It will use pre-captured imagery, which means you aren't actually taking live photos from space -- so I don't really get what Canon is trying to show us here. Canon is, I guess, trying to illustrate to us what the satellite can do and what time of image quality it is capable of capturing.
You can check out the website here.
Sony teased its Airpeak last year, but now the company has just fully unveiled its first-ever drone at the all-virtual CES 2021 this week. Check out Sony's new Airpeak drone:
The new Airpeak is the smallest drone that is capable of mounting a full DSLR camera, with Sony saying that its Airpeak is "capable of dynamic filming and precise, stable flight" with the heavy DSLR camera attached. Sony isn't aiming at casual users with Airpeak, but more so professionals.
Sony President and CEO Kenichiro Yoshida explained that its new Airpeak drone infuses both AI and robotics, which "enables video creators to explore new frontiers for visual expression". Sony adds that it already has a huge array of cameras ready for Airpeak, adding that with "Sony's Alpha camera, stable dynamic remote shooting is possible".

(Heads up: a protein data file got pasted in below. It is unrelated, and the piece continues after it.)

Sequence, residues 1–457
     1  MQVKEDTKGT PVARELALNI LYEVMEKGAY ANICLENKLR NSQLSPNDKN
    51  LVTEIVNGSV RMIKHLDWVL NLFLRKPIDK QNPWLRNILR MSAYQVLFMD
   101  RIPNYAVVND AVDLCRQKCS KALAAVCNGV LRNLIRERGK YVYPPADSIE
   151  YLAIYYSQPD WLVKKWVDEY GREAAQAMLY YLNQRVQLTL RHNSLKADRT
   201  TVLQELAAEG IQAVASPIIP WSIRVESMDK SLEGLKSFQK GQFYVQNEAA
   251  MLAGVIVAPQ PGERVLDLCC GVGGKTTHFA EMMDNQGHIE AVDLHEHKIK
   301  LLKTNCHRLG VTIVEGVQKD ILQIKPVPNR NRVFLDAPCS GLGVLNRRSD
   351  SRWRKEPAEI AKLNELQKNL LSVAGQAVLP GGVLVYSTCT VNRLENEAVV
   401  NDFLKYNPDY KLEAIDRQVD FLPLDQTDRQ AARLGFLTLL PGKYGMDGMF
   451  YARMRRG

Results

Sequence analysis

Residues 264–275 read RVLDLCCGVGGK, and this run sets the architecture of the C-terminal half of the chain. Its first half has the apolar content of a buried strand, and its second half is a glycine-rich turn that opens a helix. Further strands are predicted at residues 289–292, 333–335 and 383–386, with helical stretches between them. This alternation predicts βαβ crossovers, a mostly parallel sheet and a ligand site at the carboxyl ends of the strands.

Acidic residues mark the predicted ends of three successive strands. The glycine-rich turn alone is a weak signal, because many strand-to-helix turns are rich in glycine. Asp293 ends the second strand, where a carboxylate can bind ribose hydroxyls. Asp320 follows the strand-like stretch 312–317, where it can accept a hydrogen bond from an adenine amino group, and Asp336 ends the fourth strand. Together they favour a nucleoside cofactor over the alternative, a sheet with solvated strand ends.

Intel is expanding its family of RealSense products with the introduction of RealSense ID, a new product that was designed to give machines depth perception capabilities.
RealSense ID is an on-device solution that packs an active depth sensor, adds in some of that magic machine learning, and will spool it all around into Intel's push for facial recognition. Intel says that RealSense ID is capable of adapting to the physical features on users' faces, including features like facial hair and glasses -- right down to working in lighting conditions for people "with a wide range of heights or complexions".
Intel head of product management and marketing Joel Hagberg explained: "We've done extensive data collection of all ethnicities from Asia, Europe, Middle East Africa. We were very careful to ensure that we have all ethnicities covered".